The results from eDigitalResearch's latest E-retail Index shows that the battle on the high street has moved online, with traditional retailers taking advantage of their multi-channel offering, investing in online and, as a result, competing more with pureplay retailers than ever before. They appear to be succeeding with key rankings overall.
The index surveyed 43 of retail's top performing websites, using the firm's eMysteryShopper tool to evaluate each site based on the entire customer journey, from first impressions, homepage, shopping basket, purchase, delivery and supporting communications.
Traditional retailers are making substantial movements, with Marks and Spencer topping the quarterly index for the first time, making a significant jump from 10th place since the last index. Fashion retailers Next, House of Fraser and BHS have all moved up the index, as well as pureplay retailer Asos, which went from 23rd to fifth place. Grocers are also continuing to climb the table, with top performing websites from the purchase process through to delivery of goods.
"These results clearly show that people are changing their opinions about the ability of traditional retailers to compete online with their pureplay rivals,"comments Derek Eccleston, head of research at eDigitalResearch
. "Our recent e-customer service index has already identified that online will continue to grow over the coming year, and with more and more traditional retailers extending their high-street reach online, it is equally vital that they get it right to continue competing with the high standard that pureplay is setting."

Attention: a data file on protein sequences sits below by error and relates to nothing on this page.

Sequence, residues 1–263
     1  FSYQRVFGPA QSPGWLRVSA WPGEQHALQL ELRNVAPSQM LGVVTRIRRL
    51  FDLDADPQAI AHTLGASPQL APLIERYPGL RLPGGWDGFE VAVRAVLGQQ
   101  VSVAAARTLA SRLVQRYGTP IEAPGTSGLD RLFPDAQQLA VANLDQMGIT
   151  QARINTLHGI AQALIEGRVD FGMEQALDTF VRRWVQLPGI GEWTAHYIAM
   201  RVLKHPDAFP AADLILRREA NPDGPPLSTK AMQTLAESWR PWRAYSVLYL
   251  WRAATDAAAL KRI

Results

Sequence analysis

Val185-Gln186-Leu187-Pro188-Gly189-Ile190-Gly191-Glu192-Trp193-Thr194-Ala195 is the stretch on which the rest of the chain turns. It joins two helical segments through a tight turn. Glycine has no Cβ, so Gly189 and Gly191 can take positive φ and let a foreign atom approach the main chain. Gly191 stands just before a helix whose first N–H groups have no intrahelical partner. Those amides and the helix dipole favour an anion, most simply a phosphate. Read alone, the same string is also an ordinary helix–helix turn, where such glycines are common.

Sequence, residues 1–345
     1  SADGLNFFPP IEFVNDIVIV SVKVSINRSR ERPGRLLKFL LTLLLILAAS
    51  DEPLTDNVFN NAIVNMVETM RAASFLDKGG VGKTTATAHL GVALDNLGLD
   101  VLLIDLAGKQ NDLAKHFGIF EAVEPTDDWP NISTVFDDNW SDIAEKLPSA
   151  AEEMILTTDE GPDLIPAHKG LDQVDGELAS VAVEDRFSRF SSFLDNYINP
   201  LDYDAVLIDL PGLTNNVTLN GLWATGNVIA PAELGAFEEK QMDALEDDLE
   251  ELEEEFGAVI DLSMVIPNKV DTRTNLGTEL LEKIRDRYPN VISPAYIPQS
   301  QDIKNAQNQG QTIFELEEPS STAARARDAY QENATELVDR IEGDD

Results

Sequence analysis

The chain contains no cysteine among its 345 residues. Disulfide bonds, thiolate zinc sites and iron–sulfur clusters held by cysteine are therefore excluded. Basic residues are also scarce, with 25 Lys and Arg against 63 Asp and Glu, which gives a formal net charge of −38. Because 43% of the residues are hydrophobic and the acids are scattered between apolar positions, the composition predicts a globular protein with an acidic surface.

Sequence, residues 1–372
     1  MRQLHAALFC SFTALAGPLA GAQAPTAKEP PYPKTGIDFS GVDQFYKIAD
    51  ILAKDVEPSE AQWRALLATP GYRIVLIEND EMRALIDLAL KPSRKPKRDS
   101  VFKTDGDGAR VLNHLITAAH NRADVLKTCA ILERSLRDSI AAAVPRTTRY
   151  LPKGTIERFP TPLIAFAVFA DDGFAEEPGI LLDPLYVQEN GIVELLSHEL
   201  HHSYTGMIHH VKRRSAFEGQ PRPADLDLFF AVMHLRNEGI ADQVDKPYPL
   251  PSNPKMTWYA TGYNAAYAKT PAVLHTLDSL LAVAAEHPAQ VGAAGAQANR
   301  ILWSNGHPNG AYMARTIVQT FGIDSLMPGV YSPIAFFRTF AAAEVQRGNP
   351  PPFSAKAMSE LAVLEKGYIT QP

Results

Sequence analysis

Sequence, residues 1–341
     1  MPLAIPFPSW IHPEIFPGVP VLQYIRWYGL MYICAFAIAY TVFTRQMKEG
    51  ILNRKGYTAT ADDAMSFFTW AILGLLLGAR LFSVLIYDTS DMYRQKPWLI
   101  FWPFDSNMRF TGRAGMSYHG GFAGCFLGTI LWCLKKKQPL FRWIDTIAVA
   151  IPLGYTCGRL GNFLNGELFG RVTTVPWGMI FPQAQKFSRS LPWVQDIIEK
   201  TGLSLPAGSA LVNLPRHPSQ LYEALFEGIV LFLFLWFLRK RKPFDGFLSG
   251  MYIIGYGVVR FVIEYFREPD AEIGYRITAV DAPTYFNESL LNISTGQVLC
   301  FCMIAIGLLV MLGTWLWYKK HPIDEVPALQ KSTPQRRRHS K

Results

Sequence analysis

"Recognition of the entire journey that each customer goes through is the key to success," Eccleston continues. "It is not just about the homepage through to shopping basket, but how purchase, delivery, email and telephone contact is handled, if there are any problems, that make the difference. Marks and Spencer has made a significant investment in the entire customer journey, improving in all areas of their website, and particularly strong supporting communications. Telephone and email contact continues to rise in importance every quarter, showing that it is beginning to have more emphasis in digital strategy, which is great. However, there is still lots of room for continued improvement."
One of the questions in the survey establishes a Net Promoter Score (NPS) to determine which companies are most likely to be recommended. This revealed that three of the top five retailers for positive word-of-mouth were traditional retailers. Last quarter, only one of the top five was a traditional retailer. John Lewis topped the table for word-of-mouth.
Readers can download a presentation free of charge that contains the study's full league tables